Phytoremediation of Heavy Metal Contaminated Soil Using Thelypteris accuminata (Houtt.) C.V. Morton and Nephrolepis exaltata (L.) Schott

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Phytoremediation provides an alternative remediation method for clean-up of heavy metal contaminated soils. The application is especially important in tropical developing countries due to its cost effective and aesthetically pleasing solution. In this study two ferns Thelypteris accuminata and Nephrolepis exaltata were evaluated in potted experiment to examine their phytoremediation potential using contaminated soil from the Sansu Talings Dam of AngloGold Ashanti, Obuasi Mine, Ghana. Four different soil treatments were used; raw tailings material, uncontaminated topsoil, mixtures of tailings and topsoil at two different ratios (1:0, 0:1, 1:1 and 1:3). The experiment was laid out in a completely randomised design with three replicates at the Plant House Nursery of the Department of Theoretical and Applied Biology, KNUST. Samples of plants were harvested at 30 days (1st harvest), 60 days (2nd harvest) and 90 days (3rd harvest). The concentrations of three heavy metals (As, Pb and Cd) were analysed in samples of the soils and plant organs (rhizoids and fronds) before transplanting and after harvest using the Atomic Absorption Spectrophotometer. The mean differences in concentration of the metals in the rhizoids and fronds were separated using Tukey’s B multiple comparison test (p<0.05). The bioaccumulation potential of heavy metals in the plants was determined from the bioaccumulation and translocation factors. The total mean content of heavy metals (As, Pb and Cd) varied between plants and treatments with As being most accumulated (41.30 mg/kg) by Nephrolepis exaltata cultivated in tailings only. Arsenic levels in the tailings only (1:0) and topsoil + tailings (1:1) exceeded the WHO recommend standard for As in agricultural soils; while Pb and Cd levels were below the standards. The concentrations of all metals were higher and significantly different in the rhizoids than in the fronds. The translocation factor showed that Thelypteris accuminata is a good phytotranslocator for Cd (8.06) while Nephrolepis exaltata is best for As (5.17). The highest bioaccumulation factor was recorded for Cd in the topsoil with Thelypteris accuminata having 44.29 whilst Nephrolepis exaltata had a ratio of 60.77. The percentage reduction of heavy metals in the soil among the plants was significantly different during the three harvest periods. In the treatment soil, topsoil + tailings (1:3) 95.23% reduction was recorded for Cd by Thelypteris accuminata as against 98.21% reduction of Cd by Nephrolepis exaltata. The microbial counts in the soil samples after each harvest were significantly different for the treatments. The different levels of heavy metals accumulation by the two species of ferns, indicate their tolerance to high levels of heavy metals, preferably with Nephrolepis exaltata. The capacities of these ferns to accumulate and translocate heavy metals provide useful information for their metal exploitation as phytoremediating species for the remediation of contaminated mine sites.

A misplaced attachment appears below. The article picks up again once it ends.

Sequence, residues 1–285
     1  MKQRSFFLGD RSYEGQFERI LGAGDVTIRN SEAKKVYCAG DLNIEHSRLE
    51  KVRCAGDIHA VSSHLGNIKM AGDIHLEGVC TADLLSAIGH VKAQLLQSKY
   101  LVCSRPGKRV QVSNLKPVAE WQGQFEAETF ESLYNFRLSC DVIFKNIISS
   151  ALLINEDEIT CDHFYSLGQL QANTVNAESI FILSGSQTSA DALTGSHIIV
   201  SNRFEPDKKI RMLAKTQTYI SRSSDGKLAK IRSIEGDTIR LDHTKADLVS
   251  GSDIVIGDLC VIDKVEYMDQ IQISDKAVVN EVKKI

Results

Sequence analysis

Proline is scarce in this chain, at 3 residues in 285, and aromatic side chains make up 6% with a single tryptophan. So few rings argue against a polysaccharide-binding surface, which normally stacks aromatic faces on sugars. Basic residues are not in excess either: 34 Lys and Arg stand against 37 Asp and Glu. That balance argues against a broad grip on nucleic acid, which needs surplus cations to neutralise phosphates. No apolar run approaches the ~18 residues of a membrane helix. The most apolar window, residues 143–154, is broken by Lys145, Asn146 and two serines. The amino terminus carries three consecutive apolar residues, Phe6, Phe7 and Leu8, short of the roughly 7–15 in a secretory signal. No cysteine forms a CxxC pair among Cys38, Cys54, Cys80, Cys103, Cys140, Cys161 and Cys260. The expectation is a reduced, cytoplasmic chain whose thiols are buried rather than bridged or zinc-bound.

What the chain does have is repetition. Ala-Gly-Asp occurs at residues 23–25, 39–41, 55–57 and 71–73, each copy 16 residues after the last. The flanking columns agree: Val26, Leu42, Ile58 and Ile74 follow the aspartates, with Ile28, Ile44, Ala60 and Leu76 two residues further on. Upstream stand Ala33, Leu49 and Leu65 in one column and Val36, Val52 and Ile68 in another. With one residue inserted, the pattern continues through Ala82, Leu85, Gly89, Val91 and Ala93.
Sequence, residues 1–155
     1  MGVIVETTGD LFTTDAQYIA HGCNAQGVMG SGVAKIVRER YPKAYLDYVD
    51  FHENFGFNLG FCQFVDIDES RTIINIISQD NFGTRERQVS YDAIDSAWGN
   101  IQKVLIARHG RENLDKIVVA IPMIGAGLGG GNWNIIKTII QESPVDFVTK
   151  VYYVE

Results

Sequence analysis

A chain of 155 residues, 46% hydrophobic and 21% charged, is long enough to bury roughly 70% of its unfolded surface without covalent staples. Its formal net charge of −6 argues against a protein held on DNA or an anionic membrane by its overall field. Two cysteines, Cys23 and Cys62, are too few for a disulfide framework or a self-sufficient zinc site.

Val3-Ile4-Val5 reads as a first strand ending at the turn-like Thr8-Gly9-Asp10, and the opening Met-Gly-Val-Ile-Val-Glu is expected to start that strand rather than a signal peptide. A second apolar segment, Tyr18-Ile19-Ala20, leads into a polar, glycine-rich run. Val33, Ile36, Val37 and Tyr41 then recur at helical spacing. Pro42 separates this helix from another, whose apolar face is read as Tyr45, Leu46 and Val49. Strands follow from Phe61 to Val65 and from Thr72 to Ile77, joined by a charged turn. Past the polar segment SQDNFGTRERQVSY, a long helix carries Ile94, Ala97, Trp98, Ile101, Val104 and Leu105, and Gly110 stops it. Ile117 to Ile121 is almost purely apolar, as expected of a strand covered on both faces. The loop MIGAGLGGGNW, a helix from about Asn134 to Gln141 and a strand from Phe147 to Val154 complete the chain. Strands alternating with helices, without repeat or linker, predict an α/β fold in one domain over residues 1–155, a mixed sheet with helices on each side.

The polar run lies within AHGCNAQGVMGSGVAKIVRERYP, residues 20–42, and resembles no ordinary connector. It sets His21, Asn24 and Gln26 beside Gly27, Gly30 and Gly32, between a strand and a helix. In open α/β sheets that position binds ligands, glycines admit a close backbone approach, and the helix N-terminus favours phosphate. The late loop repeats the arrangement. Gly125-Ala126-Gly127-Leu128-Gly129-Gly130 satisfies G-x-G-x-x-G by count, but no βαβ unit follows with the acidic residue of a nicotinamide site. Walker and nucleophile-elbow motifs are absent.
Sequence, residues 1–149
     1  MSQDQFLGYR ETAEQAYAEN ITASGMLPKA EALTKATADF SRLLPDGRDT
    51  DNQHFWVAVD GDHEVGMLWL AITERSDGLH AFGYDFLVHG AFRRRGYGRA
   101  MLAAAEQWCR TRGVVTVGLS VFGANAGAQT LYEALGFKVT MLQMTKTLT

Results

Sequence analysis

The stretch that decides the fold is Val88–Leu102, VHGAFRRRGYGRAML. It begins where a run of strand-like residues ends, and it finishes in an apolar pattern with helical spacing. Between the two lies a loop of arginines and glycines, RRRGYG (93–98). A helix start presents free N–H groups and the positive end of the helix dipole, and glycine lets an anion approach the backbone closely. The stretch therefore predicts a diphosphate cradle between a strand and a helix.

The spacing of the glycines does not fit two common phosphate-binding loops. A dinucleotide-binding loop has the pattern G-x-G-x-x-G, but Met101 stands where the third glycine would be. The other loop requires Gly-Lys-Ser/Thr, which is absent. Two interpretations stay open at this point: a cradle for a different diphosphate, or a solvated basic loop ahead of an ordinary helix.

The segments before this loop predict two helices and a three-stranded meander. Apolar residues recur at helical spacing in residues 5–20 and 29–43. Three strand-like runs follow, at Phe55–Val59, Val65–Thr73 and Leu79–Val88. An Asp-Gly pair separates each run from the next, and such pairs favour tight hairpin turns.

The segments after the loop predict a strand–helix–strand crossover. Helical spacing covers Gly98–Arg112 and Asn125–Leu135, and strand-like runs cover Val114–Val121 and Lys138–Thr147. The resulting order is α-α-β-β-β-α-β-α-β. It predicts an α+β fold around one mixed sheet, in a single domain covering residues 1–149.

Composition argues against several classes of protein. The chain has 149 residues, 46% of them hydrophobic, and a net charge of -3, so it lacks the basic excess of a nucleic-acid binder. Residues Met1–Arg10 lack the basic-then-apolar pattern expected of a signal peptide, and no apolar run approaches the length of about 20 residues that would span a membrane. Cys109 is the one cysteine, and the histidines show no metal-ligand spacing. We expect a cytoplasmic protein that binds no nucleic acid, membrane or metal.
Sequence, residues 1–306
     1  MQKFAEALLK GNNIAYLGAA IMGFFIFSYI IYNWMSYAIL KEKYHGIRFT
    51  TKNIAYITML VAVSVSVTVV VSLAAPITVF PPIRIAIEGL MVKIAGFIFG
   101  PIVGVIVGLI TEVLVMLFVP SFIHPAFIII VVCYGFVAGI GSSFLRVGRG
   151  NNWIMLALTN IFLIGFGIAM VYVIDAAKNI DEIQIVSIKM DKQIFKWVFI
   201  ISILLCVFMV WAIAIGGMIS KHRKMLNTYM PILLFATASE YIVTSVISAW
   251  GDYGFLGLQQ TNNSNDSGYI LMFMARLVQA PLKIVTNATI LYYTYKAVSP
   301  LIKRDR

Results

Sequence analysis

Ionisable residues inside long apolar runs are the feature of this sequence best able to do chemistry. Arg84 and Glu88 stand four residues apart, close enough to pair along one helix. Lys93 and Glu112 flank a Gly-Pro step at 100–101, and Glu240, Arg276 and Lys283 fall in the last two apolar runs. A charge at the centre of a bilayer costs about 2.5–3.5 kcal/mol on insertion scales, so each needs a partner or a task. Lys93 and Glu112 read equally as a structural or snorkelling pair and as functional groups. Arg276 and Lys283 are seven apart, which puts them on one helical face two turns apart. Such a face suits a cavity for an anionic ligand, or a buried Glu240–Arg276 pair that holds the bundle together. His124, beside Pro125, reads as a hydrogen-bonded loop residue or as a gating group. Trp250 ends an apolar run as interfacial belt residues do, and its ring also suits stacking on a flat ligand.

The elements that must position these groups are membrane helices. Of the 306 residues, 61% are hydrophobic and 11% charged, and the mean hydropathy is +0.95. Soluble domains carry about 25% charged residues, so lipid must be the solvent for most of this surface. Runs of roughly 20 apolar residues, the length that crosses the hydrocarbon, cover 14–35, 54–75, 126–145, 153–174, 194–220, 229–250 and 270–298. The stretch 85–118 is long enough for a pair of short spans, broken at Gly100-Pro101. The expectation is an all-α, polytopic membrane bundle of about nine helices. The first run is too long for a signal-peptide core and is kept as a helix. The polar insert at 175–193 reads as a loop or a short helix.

A thesis submitted to the Department of Theoretical and Applied Biology, Kwame Nkrumah University of Science and Technology in partial fulfillment of the requirements Master of Science degree in Environmental Science, 2016